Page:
Docking Molecule Generation Benchmark Group

Introduction

AI-assisted molecule generation aims to generate novel molecular structures with desired properties. Current techniques for evaluating the quality of generated molecules focus on heuristic oracles, such as QED, LogP, and DRD2, and do not reflect the complexity of the real-world environment. This creates several key challenges. Many properties, such as binding propensity towards a target protein, are incredibly resource-intensive to investigate through experiments or computational simulations. For this reason, techniques that require a large number of calls to oracles do not constitute a practical strategy to evaluate the generated molecules. Even in settings where generated molecules score highly by some oracles, the generated molecules may not have other necessary properties (e.g., low synthesizability) to constitute promising therapeutic candidates.

To address these challenges, we designed a docking benchmark group [Cieplinski et al. 2020, Steinmann and Jensen, 2021]. Docking is a theoretical evaluation of affinity between a ligand (a small molecular drug) and a target (a protein involved in the disease). As a molecule with higher affinity is more likely to have higher bioactivity, docking is widely used for virtual screening of compounds [Lyu et al. 2020].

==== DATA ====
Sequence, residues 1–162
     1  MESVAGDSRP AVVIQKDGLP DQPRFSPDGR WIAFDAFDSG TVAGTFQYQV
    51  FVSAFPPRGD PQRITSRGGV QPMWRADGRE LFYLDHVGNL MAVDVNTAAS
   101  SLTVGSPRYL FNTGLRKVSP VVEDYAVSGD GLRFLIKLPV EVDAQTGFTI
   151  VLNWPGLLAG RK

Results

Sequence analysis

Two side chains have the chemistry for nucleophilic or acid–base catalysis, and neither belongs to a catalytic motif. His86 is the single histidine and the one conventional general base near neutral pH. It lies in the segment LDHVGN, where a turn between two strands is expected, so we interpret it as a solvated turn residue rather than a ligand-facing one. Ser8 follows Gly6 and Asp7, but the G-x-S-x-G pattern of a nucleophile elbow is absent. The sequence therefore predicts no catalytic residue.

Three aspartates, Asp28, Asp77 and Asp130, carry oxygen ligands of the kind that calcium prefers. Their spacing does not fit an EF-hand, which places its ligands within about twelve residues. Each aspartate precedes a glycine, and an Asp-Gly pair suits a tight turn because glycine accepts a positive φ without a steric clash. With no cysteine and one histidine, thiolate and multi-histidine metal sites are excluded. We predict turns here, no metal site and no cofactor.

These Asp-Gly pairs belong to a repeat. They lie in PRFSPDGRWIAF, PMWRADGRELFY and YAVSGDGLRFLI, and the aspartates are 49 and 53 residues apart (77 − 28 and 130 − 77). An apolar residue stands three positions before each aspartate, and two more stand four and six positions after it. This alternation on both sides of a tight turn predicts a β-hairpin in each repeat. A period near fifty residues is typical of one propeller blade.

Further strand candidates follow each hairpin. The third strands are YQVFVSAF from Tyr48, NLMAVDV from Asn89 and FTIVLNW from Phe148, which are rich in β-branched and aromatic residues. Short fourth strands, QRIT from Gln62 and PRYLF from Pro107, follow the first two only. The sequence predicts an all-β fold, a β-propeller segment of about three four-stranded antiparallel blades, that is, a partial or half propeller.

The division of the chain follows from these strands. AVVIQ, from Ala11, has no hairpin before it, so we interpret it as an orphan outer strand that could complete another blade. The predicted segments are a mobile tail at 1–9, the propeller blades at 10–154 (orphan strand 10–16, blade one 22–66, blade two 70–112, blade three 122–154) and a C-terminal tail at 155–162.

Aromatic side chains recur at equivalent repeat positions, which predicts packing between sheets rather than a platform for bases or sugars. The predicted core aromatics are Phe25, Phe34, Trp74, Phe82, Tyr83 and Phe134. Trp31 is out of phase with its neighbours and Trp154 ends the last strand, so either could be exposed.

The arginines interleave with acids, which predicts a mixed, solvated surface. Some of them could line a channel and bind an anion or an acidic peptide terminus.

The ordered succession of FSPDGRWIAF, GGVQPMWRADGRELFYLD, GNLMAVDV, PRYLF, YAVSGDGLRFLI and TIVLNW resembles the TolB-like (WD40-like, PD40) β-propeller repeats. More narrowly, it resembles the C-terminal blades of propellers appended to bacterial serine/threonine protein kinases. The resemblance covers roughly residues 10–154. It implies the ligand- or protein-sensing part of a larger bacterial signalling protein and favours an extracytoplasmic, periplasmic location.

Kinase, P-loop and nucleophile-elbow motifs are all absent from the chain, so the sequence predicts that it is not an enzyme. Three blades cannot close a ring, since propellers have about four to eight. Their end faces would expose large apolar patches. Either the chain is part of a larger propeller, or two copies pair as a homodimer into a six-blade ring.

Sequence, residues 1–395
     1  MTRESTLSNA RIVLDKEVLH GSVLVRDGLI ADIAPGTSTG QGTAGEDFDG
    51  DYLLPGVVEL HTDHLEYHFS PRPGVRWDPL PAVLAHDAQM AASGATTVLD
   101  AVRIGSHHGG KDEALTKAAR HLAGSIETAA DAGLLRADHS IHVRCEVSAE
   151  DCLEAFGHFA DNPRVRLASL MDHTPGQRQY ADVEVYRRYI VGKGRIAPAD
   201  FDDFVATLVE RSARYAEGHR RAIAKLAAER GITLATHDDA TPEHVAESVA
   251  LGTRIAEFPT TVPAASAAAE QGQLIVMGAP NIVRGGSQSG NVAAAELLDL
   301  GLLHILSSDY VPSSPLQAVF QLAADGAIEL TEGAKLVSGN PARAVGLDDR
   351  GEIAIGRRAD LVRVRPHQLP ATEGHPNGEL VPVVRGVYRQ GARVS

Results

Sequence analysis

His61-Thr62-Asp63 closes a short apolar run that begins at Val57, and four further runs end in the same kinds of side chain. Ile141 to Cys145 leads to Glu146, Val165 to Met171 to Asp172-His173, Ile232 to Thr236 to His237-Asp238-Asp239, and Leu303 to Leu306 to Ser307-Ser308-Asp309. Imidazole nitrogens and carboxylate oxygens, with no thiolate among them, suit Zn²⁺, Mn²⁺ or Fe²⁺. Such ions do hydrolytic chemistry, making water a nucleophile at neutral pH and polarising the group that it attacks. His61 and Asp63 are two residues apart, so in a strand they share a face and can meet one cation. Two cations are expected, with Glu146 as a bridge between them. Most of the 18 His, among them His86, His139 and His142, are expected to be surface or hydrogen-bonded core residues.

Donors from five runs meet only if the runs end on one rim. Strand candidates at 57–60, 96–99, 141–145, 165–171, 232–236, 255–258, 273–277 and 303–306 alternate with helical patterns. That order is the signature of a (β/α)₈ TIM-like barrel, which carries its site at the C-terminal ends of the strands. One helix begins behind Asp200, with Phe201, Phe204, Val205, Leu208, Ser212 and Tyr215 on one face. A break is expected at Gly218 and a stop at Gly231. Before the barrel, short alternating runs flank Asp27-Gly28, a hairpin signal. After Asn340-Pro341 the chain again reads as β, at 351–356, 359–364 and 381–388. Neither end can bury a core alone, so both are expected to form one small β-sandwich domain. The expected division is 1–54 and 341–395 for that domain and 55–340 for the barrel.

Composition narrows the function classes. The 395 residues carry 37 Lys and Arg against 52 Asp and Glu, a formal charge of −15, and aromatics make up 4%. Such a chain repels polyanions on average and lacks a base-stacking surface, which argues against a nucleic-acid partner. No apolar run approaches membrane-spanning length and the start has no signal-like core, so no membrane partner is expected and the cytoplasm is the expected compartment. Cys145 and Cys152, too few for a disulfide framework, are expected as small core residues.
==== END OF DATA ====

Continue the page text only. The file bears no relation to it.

This benchmark evaluates generated molecules against their affinity to the target protein (i.e., quantified through docking scores). To this end, the benchmark is structured as follows:

  • As docking scores are relatively costly to calculate, we restrict the number of oracle calls in this benchmark requiring the models to adapt quickly. This setup simulates a real-world environment with a limited number of wet-lab experiments that can be carried out.
  • In addition to typical oracle scores, we provide additional tests to evaluate how realistic the generated molecules are.

The training dataset originates from ZINC 250K.

Accessing the Dataset

To retrieve the names of benchmarks constitute this benchmark group, type the following:

from tdc import utils
names = utils.retrieve_benchmark_names('Docking_Group')
# ['DRD3', 'XXX', ...]

To access a benchmark, use the following code:

from tdc import BenchmarkGroup
group = BenchmarkGroup(name = 'Docking_Group', 
                path = 'data/', 
                file_format='oracle', 
                pyscreener_path = 'PATH_TO_PyScreener')

benchmark = group.get('DRD3', num_max_call = 5000) 
# specify the number of maximum calls your model plans to use 

predictions = {}